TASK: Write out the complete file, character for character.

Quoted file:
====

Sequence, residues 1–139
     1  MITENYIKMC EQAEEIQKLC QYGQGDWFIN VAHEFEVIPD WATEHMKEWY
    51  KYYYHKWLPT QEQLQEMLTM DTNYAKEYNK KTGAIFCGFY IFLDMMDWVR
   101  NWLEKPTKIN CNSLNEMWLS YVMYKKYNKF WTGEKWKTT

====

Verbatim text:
Sequence, residues 1–139
     1  MITENYIKMC EQAEEIQKLC QYGQGDWFIN VAHEFEVIPD WATEHMKEWY
    51  KYYYHKWLPT QEQLQEMLTM DTNYAKEYNK KTGAIFCGFY IFLDMMDWVR
   101  NWLEKPTKIN CNSLNEMWLS YVMYKKYNKF WTGEKWKTT